Students use rocket flight to test thermoelectric generator for waste heat recovery
Vanderbilt mechanical engineering students have designed a thermoelectric generator for aerospace applications that elicited strong accolades at the spring 2010 NASA-sponsored University Launch Initiative and won the Payload Design prize.
It has no moving parts and can convert some of the waste exhaust heat into usable electrical power.
L-R: Cris Lioi, Ty Barringer, Travis Chan, James Board, Kyle Rosenstein, Sam Nackman, Nick Vass, Zach Smith and Sam McKnight displaying their ‘Thermo-Elmo’ (thermoelectric motor) rocket and payload that flew during the NASA USLI competition.
The concept thermoelectric engine – built during the spring semester – uses commercial thermoelectric generators (TEG): solid state devices that can directly generate electric power across a temperature gradient. They work on the principle of the Seebeck effect, which states that free charge carrier transport results from thermal gradients.
Older Seebeck-based devices used bimetallic junctions and were bulky while more recent devices use bismuth telluride (Bi2Te3)-based semiconductor p-n junctions which can have thicknesses in the millimeter range, and can be engineered to have higher energy conversion efficiencies.
Professor A.V. Anilkumar, their adviser, said, “This concept of waste heat recovery is more applicable for long-duration aircraft flight, but one cannot pass up on an inexpensive test bed. Rocket flight offers vehicle speed and atmospheric access inexpensively, albeit for only a short time. The students jumped on the project and overcame several scientific challenges along the way unique to rocket flight. Every small savings count; even a 1-2% improvement in efficiency in airplane flight will mean substantial savings.”
The design team members were ME seniors Ty Barringer, James Board, Travis Chan, Sam McKnight, Sam Nackman, Kyle Rosenstein and Nick Vass.
Their design won strong accolades at the NASA-sponsored University Launch Initiative and won the Payload Design prize.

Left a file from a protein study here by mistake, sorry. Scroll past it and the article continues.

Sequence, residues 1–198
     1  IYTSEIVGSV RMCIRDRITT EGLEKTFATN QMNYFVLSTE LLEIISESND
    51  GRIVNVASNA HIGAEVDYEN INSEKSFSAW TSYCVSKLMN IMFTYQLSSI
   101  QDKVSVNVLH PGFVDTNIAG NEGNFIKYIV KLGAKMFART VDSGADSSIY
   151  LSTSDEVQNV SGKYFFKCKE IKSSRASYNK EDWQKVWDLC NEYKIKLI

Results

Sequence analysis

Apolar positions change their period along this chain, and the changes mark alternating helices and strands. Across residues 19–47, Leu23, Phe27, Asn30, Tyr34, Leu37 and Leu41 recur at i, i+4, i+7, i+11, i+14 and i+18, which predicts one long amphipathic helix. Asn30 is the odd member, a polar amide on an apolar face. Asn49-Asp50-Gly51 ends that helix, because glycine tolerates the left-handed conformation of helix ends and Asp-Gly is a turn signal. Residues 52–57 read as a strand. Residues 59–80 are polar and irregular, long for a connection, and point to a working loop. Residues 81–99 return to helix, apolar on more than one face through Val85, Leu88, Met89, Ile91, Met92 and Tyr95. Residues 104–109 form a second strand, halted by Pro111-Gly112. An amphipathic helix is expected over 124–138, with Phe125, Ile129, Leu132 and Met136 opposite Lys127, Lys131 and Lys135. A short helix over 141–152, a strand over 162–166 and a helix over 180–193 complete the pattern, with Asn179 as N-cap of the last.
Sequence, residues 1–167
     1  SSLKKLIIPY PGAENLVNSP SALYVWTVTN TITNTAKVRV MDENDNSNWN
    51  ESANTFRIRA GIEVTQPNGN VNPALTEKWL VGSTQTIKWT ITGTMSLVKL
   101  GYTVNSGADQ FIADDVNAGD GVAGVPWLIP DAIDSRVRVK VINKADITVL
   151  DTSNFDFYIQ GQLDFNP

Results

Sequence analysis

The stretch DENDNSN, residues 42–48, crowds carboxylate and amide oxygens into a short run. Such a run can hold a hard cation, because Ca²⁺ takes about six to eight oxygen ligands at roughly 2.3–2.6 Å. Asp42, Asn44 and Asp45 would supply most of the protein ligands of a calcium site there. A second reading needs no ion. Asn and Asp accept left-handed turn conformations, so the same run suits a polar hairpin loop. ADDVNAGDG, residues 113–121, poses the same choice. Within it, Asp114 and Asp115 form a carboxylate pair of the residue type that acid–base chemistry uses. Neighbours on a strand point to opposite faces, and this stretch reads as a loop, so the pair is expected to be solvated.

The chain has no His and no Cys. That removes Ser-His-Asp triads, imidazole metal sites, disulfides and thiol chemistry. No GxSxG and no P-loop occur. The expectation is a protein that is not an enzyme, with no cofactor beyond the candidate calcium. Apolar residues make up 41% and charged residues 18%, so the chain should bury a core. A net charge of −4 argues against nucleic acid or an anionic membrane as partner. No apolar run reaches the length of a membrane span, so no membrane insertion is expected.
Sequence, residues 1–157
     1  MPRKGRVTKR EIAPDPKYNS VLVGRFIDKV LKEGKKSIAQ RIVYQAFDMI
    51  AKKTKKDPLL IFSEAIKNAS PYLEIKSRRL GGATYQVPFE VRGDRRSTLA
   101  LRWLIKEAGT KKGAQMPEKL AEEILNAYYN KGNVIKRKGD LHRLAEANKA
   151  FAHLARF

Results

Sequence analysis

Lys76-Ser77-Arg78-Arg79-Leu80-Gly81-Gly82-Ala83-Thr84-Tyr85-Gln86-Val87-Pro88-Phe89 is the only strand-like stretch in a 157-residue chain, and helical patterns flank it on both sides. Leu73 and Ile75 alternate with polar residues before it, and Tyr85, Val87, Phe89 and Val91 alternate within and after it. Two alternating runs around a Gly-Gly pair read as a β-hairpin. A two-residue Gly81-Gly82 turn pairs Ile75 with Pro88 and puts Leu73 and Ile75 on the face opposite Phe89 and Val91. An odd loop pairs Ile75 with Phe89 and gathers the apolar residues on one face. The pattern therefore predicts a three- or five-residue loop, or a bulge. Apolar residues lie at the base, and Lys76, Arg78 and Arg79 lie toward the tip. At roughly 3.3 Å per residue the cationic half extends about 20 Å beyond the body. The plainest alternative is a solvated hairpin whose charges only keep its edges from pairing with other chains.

Isometric view of the thermoelectric generator designed for rocket flight showing the direction of the exhaust jet and the radial thermal transport through the device.
According to the NASA citation, the payload design award is awarded to the team with the most creative and innovative design, while maximizing safety and science value. “The Vanderbilt team designed and manufactured a payload in its own facility which used the heat from the motor’s exhaust plume to generate electrical power. The team went above and beyond what was required when presenting intricate details of the design, testing, and requirements for the payload at each review. While facing technical challenges beyond the scope of their curriculum, the team performed the necessary research to quantify and mitigate any problems faced in implementing their payload.”
“This project was a well thought out project because of the scientific knowledge that came from it along with the hands on skills it required,” said Design team leader Kyle Rosenstein. “Working through all the struggles taught everyone on the team a great deal that could not be learned otherwise. I personally learned a tremendous amount working on this project; everything from team management and machining skills to data acquisition and rocketry.
The maiden rocket test flight of the engine at the NASA USLI competition performed exceedingly well. The results prove that flight speeds are integral part of achieving high energy conversion efficiencies and that almost 5% of the heat passing through the generator can be directly converted to electrical power.
“This does not mean 5% of all the exhaust heat can be converted, as there will be issue of thrust interference, however, even if 1-2% of the exhaust heat can be converted to electrical power, it could mean substantial energy savings,” said Professor Anilkumar. “In the final analysis, incorporating such an engine on an actual airplane would require a cost-to-benefit analysis, but we feel it will come out positive especially if the device efficiencies improve.”
Rosenstein said, “I will forever in my mind think of this project as a winner and I think several members of the team would not hesitate to agree with me’ Adds team member James Board, “It was very rewarding to be able to work on a project that was both challenging and pertinent to modern problems facing the world.” Several of the team members are heading to graduate school in aerospace engineering.